Role of tourism fairs and exhibitions in boosting brands

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Role of tourism fairs and exhibitions in boosting brands


Safaricom CEO Peter Ndegwa at the launch of a month-long photo exhibition by the Ministry of Tourism on August 2, 2022. PHOTO | DIANA NGILA | NMG

Trade shows, fairs or exhibitions are organized events where different companies from a similar sector come together in one place to present their products and services. Some local examples are; Kenya Homes Expo, Magical Kenya Travel Expo, Secureexpo EA and Buildexpo.

Professional visitors are usually representatives of companies, distributors, resellers, suppliers and industry media. Exhibitions, on the other hand, are organized events focused on promoting products and services in a thematic category or specific topic.

Trade shows can focus on B2B or business-to-customer (B2C) audiences, but generally aim to appeal to the general public. There are also hybrid events in which both professional visitors and consumers participate on separate days, as planned by the organizer.

High-end international tourism fairs and exhibitions are expensive. However, a well-formulated equity strategy often leads to impressive medium to long-term returns.

At the annual three-day World Travel Market event in London, the minimum starting size of a stand of nine square meters (3 meters x 3 meters) costs a cool £4,300 (about Sh595,000) .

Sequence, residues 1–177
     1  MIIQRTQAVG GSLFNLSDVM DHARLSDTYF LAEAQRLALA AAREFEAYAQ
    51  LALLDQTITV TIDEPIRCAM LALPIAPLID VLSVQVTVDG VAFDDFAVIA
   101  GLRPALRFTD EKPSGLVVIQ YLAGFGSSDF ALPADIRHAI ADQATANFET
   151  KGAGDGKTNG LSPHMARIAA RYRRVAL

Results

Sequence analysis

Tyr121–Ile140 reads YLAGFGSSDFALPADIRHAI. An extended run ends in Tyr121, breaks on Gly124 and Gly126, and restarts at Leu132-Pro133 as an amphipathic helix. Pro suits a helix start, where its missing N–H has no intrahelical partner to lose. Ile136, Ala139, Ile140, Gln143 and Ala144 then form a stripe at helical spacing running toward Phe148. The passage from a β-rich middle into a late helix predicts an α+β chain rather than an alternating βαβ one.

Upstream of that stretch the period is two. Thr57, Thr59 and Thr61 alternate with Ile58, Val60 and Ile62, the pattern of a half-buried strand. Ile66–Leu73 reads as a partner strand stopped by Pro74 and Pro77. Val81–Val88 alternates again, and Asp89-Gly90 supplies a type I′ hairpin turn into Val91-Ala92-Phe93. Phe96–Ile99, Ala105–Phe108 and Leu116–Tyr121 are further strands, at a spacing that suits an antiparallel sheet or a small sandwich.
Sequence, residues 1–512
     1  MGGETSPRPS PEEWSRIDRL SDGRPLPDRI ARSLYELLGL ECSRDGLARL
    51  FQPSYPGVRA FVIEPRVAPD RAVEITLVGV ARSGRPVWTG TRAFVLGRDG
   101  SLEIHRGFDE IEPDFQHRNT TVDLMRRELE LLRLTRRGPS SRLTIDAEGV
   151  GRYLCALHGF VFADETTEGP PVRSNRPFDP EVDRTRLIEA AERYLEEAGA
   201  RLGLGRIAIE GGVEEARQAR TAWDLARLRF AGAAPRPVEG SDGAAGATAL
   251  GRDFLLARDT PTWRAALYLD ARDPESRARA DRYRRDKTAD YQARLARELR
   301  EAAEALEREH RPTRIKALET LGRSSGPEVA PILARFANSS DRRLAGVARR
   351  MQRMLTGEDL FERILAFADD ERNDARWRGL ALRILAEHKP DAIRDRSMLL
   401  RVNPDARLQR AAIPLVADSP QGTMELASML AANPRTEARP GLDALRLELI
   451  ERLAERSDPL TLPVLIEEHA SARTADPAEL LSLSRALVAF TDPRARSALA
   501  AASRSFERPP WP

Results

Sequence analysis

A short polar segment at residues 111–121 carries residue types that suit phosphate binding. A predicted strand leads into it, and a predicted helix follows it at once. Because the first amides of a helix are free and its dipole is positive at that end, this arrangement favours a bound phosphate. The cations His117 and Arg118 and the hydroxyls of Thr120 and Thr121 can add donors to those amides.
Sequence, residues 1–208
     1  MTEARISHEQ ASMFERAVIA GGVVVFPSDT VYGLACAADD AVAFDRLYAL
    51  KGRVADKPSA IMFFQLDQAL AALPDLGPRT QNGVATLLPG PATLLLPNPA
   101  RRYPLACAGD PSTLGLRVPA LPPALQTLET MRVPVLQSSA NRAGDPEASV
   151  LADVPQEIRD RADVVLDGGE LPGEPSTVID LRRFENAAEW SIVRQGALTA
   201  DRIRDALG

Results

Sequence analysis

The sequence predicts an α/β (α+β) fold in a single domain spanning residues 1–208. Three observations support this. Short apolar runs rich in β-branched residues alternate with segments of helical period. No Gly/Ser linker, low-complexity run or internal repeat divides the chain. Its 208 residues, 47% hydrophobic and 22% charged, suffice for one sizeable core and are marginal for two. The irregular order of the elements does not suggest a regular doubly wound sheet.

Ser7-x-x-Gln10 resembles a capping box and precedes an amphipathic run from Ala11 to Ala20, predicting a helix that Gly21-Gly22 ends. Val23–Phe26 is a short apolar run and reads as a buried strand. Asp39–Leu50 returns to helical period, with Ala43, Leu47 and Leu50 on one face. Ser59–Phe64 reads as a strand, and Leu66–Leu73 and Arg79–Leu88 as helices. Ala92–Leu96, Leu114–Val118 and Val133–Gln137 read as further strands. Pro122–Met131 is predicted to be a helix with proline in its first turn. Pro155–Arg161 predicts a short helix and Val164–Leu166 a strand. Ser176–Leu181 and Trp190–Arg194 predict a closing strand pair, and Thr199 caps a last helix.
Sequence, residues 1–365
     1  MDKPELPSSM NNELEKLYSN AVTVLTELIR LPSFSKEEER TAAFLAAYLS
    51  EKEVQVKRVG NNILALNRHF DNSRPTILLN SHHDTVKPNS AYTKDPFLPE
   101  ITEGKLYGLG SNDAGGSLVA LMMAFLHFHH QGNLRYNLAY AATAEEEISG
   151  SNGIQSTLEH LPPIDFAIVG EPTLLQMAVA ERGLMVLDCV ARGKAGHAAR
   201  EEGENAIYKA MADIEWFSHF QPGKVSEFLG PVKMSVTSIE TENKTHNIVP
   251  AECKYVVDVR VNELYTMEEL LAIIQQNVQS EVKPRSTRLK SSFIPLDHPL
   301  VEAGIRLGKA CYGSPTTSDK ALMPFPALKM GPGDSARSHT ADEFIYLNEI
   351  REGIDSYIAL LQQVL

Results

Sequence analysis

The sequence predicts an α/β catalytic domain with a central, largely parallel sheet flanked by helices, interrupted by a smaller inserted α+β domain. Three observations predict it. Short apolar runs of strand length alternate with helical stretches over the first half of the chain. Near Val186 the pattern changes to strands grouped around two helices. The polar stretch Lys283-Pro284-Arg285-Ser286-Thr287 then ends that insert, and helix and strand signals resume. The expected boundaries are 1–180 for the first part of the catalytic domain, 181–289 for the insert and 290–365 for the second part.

If you add in round-trip airfare, accommodation, meals, local transportation, and other incidentals, you’ll come up with an estimate of what you’re likely to spend. Tourist offices normally reserve spaces with an average size of 200 to 400 square meters depending on the number of exhibitors sharing.

This space is used to build the destination exhibit of a country or region. Other essential services including; exhibit design and construction, catering, event technology, and branded graphics are additional expenses.

The tourist boards therefore subsidize the participation costs on a share basis with the participating private sector exhibitors in order to cushion their financial burden. However, this is often still not enough to enable small businesses to pay the participation fee.

To meet this challenge, the Kenya Tourism Board designed and hosted the inaugural Magical Kenya Travel Expo (MKTE) in 2011 with the aim of providing a platform for small and medium-sized tour operators, destination management companies, service providers hosting and other stakeholders to present their services. and products at an affordable price.

This year’s MKTE is scheduled to take place October 5-7, 2022 at Bomas in Kenya. Around 200 exhibitors from Eastern and Southern Africa and 150 global buyers from major source markets are expected to attend.

Tourism trade shows and exhibitions provide excellent opportunities for building the destination brand, generating leads, nurturing existing business relationships, acquiring new customers and assessing market trends to inform development. of products.

Major tourist destinations hardly ignore the chances of securing their presence and visibility in renowned global tourism events. The crucial question is how to effectively harness the obvious power inherent in these trading platforms.

Right from the start, the selection of targeted events is a key strategic consideration. However, you should check whether the event profile matches your marketing objectives.